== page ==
Can Hospitals Survive? Hospital Strategy in a Maturing Market

After decades of seemingly continuous expansion, hospital inpatient utilization in the United States has fallen for five years in a row. Despite forecasts a decade ago of significant bed shortages, many hospitals and systems find themselves with excess capacity. At the same time, the uncertainties surrounding ObamaCare and the pressures created by the recession have stressed hospitals, resulting in declining earnings and increased pressure from physicians and patients. Merger and acquisition activity spiked after 2010’s health reforms, and continues unabated. How will the private insurance reforms contained in ObamaCare affect hospitals’ financial futures? Can hospital systems that have sought to become “unavoidable” through mergers survive the transition to narrow network insurance products and rising transparency and consumer choice? Can hospitals survive this transition? How can hospitals become the “hospitals of choice” in their communities and regions.

The Future of Medical Practice: What Does it Look Like?

Physicians have vigorously defended the institution of private medical practice for more than century. Yet, in the past five years, medical practice appears to be consolidating under hospital and, to a lesser degree, health plan control. The uncertainties introduced by health reform, economic pressures from the sustained US recession and the impending retirement of the large baby boom era cohort of practicing physicians all have contribute to a sense that private medical practice is doomed. Is there a future for private medical practice? This lecture discusses the turnaround strategy for physician practice in the post-health reform era, as well as the role that hospitals, health plans, private equity and technology firms can play in reforming and strengthening medical practice.

Beyond Health Reform: Strategic Implications for Health Insurers and Employers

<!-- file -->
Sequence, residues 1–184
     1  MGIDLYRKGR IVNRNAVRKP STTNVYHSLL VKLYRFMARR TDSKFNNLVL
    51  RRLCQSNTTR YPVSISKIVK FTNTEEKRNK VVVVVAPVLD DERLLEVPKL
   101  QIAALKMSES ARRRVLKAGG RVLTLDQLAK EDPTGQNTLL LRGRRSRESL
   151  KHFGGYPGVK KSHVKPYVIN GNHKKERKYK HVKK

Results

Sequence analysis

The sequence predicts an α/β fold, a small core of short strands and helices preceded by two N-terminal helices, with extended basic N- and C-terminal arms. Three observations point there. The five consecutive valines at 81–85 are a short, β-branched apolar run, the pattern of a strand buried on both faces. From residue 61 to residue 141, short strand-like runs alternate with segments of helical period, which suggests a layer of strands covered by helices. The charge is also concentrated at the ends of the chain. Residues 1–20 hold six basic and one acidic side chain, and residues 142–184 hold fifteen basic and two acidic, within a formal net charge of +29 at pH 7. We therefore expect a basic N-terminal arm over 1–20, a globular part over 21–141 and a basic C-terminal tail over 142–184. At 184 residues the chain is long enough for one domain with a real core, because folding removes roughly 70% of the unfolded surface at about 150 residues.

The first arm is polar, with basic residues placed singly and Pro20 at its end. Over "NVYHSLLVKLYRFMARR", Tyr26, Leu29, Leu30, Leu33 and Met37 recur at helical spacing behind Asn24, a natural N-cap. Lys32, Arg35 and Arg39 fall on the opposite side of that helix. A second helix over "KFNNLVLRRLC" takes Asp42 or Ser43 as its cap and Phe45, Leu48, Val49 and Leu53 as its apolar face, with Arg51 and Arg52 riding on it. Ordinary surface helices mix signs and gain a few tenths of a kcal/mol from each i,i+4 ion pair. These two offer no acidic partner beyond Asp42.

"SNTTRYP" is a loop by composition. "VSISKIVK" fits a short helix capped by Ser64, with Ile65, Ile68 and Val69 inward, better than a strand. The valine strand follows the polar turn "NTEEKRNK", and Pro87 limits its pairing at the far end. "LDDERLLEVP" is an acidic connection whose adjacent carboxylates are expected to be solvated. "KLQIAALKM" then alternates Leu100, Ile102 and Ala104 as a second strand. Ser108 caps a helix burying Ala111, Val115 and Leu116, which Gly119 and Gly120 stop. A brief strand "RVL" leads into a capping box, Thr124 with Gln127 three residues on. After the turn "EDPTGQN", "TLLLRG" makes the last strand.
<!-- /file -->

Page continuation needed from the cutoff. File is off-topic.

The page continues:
The Patient Protection and Affordable Care Act of 2010 complete restructures private health insurance in the US. It dramatically increases both federal and state regulation of health insurance, and exposes the plans to new political and business risks. It also increases consumer protections and choices, and potentially reduces health plan profitability and sustainability. Finally, it will introduce new competitors in health insurance markest, and new competitive dynamics. Employers will face significant challenges both in how they structure benefits and whether to continue providing health insurance at all. And they will face both penalties if their employees fail to obtain coverage, and new paperwork requirements. Learn how health reform will affect employer benefits and the factors that will affect the future of health insurance.

Changing of the Guard: How the Impending Generational Transition among Physicians will Change Medicine and Health Services

The present US health system is 'powered by baby boom physicians'. As these physicians gear down or retire outright, they are being replaced by younger physicians with different values, practice goals and communications styles. How will this generational transition affect medical practice, as well as hospital/physician relations? How will policymakers cope with the impending scarcity of practicing physicians as the baby boom itself enrolls in Medicare?
  • The Sorcerer's Apprentice: How Medical Imaging Is Changing Health Care
    The Sorcerer's Apprentice: How Medical Imaging Is Changing Health Care Purchase Book
  • The Long Baby Boom: An Optimistic Vision for a Graying Generation
    The Long Baby Boom: An Optimistic Vision for a Graying Generation Purchase Book
  • Digital Medicine: Implications for Healthcare Leaders
    Digital Medicine: Implications for Healthcare Leaders Purchase Book

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Recent Books

  • The Sorcerer's Apprentice: How Medical Imaging Is Changing Health Care
    The Sorcerer's Apprentice: How Medical Imaging Is Changing Health Care Purchase Book
  • The Long Baby Boom: An Optimistic Vision for a Graying Generation
    The Long Baby Boom: An Optimistic Vision for a Graying Generation Purchase Book